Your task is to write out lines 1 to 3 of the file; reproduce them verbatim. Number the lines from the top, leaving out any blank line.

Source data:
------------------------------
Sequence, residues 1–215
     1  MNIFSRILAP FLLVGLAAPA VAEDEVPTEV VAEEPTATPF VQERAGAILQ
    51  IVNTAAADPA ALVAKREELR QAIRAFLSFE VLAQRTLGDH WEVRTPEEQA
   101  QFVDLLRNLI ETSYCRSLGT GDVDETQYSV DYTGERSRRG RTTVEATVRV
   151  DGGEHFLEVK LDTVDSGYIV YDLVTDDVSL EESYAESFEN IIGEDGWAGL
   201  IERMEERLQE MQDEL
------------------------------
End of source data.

Sequence, residues 1–215
     1  MNIFSRILAP FLLVGLAAPA VAEDEVPTEV VAEEPTATPF VQERAGAILQ
    51  IVNTAAADPA ALVAKREELR QAIRAFLSFE VLAQRTLGDH WEVRTPEEQA